I knew on the Saturday morning warm up on the driving range I was in for a unique caddying experience. This was the days of the “shag bag” when caddies would stand out on the range serving as targets for their golfers and often catch their shots in the bag on the fly.
Not so with young Mr. Nicklaus. Everything was going way over my head and I’d never run so much on the range chasing down his blasts. He was hitting tee shots to places that had never seen a golf ball before and I recall thinking I wasn’t going to make much money, but things were looking up for a good time because I’ve always loved golf and watching others play it well.
I further considered myself, at the tender age of 14, a professional caddy and wanted to do as good of a job as I could for Jack, so I was memorizing his distances with each club and mentioned to him on the putting green I was an expert on Losantiville’s breaks if he wanted help reading putts.
He replied that he preferred “to do it myself since I’m the only one who knows how hard I’m going to hit it, but I’ll keep it in mind.”
That worked fine for the first three holes, but on the fourth, a short uphill par four, he found himself about 25 feet pin high left of the hole looking at one of the toughest putts on the whole course on top of a ridge with a steep slope down to the hole. He looked at it and looked at it, then frowned and scratched his head before asking: “Have you ever seen anybody make this putt?”
I replied in the affirmative, adding I had made it myself.
He said, “How?”
I told him to pretend the hole was four feet left of where it was and to make the ball stop on top of the ridge with just enough on it to catch the slope and it would trickle down and die right into the hole.
He putted it exactly that way, the ball rolled into the cup and he didn’t say a word, but he winked at me on the way by to the fifth tee.
I never knew Jack Nicklaus was such a big winker, but I’ve also never forgotten that thank-you wink.
The rest of the weekend he continued to trust his own judgment and made most of them, but didn’t hesitate to ask for my opinion if he couldn’t find the line. So I know I helped him on the greens I knew so well, but I was helpless to give him advice tee to green because he was playing a golf course I had never seen before. It was a full weekend of studying second shots played from places I’d never imagined.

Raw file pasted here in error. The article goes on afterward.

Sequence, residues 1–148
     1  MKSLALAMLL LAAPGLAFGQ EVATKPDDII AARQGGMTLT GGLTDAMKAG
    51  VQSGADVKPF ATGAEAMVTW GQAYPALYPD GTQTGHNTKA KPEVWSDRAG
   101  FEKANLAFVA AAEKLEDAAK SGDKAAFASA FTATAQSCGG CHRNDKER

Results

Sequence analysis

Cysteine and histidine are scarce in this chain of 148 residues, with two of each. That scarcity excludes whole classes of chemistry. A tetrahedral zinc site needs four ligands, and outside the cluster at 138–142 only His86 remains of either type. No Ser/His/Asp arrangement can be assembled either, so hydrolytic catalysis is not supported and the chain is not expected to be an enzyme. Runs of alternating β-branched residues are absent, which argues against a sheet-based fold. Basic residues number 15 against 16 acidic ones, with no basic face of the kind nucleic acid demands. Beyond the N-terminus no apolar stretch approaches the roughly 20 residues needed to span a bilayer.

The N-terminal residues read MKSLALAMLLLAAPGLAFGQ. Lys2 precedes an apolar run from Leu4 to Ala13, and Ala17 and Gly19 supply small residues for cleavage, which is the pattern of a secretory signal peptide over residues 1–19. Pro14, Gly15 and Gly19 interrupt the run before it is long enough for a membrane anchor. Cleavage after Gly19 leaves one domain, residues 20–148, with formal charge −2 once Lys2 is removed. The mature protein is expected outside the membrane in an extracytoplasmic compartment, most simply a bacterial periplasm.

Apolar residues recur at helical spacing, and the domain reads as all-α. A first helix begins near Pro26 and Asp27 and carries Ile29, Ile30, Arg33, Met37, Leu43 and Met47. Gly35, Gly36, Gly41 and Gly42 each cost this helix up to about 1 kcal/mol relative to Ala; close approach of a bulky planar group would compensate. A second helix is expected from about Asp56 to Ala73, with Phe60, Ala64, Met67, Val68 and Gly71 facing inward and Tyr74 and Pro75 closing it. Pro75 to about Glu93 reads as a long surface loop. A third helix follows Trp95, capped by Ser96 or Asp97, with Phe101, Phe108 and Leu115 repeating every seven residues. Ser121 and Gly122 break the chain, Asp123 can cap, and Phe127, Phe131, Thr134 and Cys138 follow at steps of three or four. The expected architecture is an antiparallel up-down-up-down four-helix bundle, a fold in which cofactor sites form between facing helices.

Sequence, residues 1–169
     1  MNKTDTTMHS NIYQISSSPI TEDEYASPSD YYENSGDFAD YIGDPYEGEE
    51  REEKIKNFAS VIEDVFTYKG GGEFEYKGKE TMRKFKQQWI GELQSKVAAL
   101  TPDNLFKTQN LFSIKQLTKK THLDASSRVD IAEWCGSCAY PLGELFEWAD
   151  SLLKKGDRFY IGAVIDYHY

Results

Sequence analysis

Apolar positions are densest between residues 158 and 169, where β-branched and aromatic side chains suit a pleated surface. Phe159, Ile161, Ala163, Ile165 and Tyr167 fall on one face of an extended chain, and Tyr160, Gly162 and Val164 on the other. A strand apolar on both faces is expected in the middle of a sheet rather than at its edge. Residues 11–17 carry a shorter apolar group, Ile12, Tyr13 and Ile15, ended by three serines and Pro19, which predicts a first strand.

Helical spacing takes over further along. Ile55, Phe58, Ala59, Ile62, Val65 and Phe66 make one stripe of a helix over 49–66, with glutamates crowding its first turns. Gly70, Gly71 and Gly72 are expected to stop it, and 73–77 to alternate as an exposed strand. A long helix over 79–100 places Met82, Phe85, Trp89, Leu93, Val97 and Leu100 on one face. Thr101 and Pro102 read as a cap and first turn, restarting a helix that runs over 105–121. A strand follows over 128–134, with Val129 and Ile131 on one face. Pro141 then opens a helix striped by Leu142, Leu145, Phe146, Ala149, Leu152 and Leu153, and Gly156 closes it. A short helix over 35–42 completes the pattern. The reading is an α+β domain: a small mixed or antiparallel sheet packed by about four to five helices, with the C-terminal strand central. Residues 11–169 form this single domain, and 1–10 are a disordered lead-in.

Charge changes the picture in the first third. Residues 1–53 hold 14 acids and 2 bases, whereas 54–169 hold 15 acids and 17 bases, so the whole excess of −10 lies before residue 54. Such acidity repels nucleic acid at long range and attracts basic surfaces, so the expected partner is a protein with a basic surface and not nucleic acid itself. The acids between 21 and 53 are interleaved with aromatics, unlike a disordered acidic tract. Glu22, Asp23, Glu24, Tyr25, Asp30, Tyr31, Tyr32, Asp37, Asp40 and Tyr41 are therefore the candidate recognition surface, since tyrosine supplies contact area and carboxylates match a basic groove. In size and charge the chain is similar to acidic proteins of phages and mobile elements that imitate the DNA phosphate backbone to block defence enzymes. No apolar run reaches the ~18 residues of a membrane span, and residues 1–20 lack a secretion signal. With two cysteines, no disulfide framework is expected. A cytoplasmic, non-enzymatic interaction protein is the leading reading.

I could still give him accurate yardages because I knew where all the markers were before they were pulled out for the event, but that was about it. I was mostly in awe of how he was playing the course because I had never seen Losantiville so hopelessly mismatched. He brought a long, tough, hilly golf course to its knees with power and accuracy.
The 16th, a long straight par five with a deep gully in front of the green, had never been reached in two by anybody. It was like 575 yards in the days when 250 was a big drive. Jack was pin high after hitting driver-driver, chipped up close and had tap-in birdies both days. That glorious hole didn’t know what hit it and it was the first time I’d ever seen anybody sweep a driver off the fairway as if it was a 3-wood on Wheaties, the breakfast of champions.
When I was bragging in the caddy yard about where my guy was hitting his tee shots, none of the caddies with PGA pros could match my stories. Jack outdistanced the entire field, by a lot.
Of course we won the event, a best ball format, playing mostly Jack’s ball and I felt like I had set a world’s caddy record, for amateur or pro, when he paid me. In fact, my Dad told a friend of his about it, Si Cornell, who was a local columnist for the Cincinnati Post and Times-Star, which had a Monday blurb in it about Jack’s caddy who came home and threw five $20 bills in the air like it was confetti. I felt like I won the lottery and couldn’t spend it fast enough.
Jack was a year younger than my brother and caddying for him felt no different than caddying for Bobo, who was a hack with a big slice. Jack was pure concentration when it was time to address the golf ball, but liked to chat about anything in between shots – especially other sports. He didn’t act like anything but a good ol’ upstate Ohio boy who murdered golf balls.
I was completely comfortable and relaxed in his company.
The following year, when he turned pro and won the U.S. Open, his first major, I caddied for Tom Weiskopf and won it again then got the hat-trick my last year caddying at 16, with Sam Snead, the meanest, nastiest old man I ever met who almost got out of town without paying me.
Weiskopf was just as nice of a guy as Jack, but actually hit the ball farther if you can believe that. Had you asked me in early 1962 which one of them would go on to become the greatest golfer of all-time, I would have guessed Weiskopf. It was an honour to caddy for both of them before the dawns of their respective pro careers.
When I finally met Barbara Nicklaus, in 1997 at Whistler where she was waiting behind the 18th green for Jack to finish a skins game against Nick Faldo, Greg Norman and Fred Couples, that wonderful woman who nearly negated the best payday of my greedy adolescence, smiled warmly saying, “I’ve heard all about you and have been looking forward to asking you how a Cincinnati boy wound up all the way out here in the remote mountains of British Columbia?”
Her question caught me by surprise and my subsequent reply has always disappointed me whenever I’ve thought of it. I told her no offense was intended, but when I got back from Vietnam in 1967, I didn’t want to be an American anymore.
She sighed sadly and said, “I can understand that.”